Sound Off! Launching a New Generation of Performers

Review of Sound Off! at MoPOP.

Written by TeenTix Press Corps Newsroom Writer Serafina Miller, and edited by Teen Editor Huma Ali!

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Sound Off!, a music competition hosted by MoPOP, showcases the talent of local artists and bands under the age of 21. The event’s atmosphere is enhanced by being hosted in the Skychurch, where the high quality space and materials allow for professional performances by the contributors. This year’s music came from a wide range of genres and exemplified the unique influences of each performer and how they will come to change the music scene in the following years.

The Finals consisted of three bands and one individual artist who advanced from the semi-finals held earlier in February. Of the talent presented in the Finals, each had a distinctive style and sound that drew upon and combined various different genres. The musical ability of each group was atypical of what is expected in such young artists, and the fact that the entirety of the material performed was original, was even more astonishing.

Sound Off! Finals at MoPOP. Photo by Nate Watters.

Performers pulled from different eras of music to fuel their own personal creations, leading to the use of similar methods by participants. The results of which were not repeated, since each performer’s sound was different on a fundamental scale of melodic intricacies.

The advanced sound mixing and astounding visual aids given to the participants elevated the performances. The stage’s background consisted of a screen which displayed images and graphics probably selected by the talent, seeing how it matched the mood and feel of their music. Baja Boy, (one of the bands performing), used a palm tree pattern as a visual throughout their set as a reference to their name, while the group i///u used color blocking aesthetics during their performance.

Another benefit of the location was the impressive sound system, which helped balance the instruments and vocals spectacularly. However, the Skychurch had limited seating in places that felt disconnected and far away from the main stage. This isn’t a drawback in all respects. During the performances, the open floor magnified the crowd’s participation and reactions to the music, especially when artist Alex Cade actively engaged the crowd. Unfortunately, the transitions between sets was uncomfortably long, (possibly to give the judges time to deliberate on what they’d just seen). Consequently, the waiting and standing quickly became tiresome, and drained a portion of the crowd’s the energy.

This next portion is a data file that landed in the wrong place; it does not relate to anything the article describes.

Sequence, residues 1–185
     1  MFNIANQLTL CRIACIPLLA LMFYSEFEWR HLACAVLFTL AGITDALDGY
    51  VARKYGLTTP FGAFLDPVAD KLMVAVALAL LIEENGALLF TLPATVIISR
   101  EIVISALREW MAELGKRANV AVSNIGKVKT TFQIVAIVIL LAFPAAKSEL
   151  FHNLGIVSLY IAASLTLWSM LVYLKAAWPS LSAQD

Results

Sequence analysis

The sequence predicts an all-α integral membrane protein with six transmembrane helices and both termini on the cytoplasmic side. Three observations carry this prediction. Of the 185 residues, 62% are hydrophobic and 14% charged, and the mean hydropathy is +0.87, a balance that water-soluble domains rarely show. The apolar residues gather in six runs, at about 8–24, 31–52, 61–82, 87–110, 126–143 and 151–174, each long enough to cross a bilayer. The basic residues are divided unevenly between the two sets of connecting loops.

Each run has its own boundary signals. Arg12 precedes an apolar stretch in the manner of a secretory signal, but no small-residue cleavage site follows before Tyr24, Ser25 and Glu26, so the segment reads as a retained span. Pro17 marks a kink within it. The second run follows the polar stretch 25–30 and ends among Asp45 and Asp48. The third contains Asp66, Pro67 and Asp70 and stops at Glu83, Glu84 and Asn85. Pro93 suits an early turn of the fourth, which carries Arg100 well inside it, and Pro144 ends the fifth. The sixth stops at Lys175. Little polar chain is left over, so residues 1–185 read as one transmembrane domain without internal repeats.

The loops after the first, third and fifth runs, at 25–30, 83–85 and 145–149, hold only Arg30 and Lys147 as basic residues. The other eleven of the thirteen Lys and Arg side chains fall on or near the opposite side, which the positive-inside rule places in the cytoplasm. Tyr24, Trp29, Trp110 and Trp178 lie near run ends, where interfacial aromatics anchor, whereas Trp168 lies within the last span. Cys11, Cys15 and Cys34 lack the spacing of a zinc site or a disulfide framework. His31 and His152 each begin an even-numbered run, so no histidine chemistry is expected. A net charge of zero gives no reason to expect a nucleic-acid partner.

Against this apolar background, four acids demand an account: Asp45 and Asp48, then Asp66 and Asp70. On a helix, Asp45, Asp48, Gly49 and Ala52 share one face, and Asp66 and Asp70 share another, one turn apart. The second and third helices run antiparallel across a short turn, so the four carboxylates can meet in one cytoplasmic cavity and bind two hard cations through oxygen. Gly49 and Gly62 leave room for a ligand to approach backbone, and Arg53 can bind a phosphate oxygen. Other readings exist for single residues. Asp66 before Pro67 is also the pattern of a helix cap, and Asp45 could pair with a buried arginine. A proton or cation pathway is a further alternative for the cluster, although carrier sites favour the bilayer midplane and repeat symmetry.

Sound Off! Finals at MoPOP. Photo by Nate Watters.

The instruments ranged from classic rock band instruments, like drums and guitars, to more jazz-style instruments like saxophones, and also digital instruments that made electronically produced sounds. One group, called Huey and the InFLOWentials, combined rapping with jazz melodies and background tracks for a modern sound. The performers combination of various styles created a unique sound that made Sound Off! memorable. It was evident here that younger generations tend to go back and forth in their musical styles, and will bring about change to the music industry in coming years.

The confidence and liveliness of these young performers shows how they exhibit the talent and potential to be the next generation of performers and musicians. They created and performed new material out of a culmination of what has come before them, in order to kickstart a new era of music for a new era of listeners. The opportunity provided to these individuals by MoPOP was the perfect showcase letting these young individuals make their well-deserved entrance into the music industry.

*The band i///u was the winner of the 2019 Sound Off! competition.


The Teen Editorial Staff is made up of 5 teens who curate the review portion of the TeenTix blog and manage the TeenTix Newsroom. More information about the Teen Editorial Staff can be found HERE.

The TeenTix Press Corps promotes critical thinking, communication, and information literacy through criticism and journalism practice for teens. For more information about the Press Corps program see HERE.

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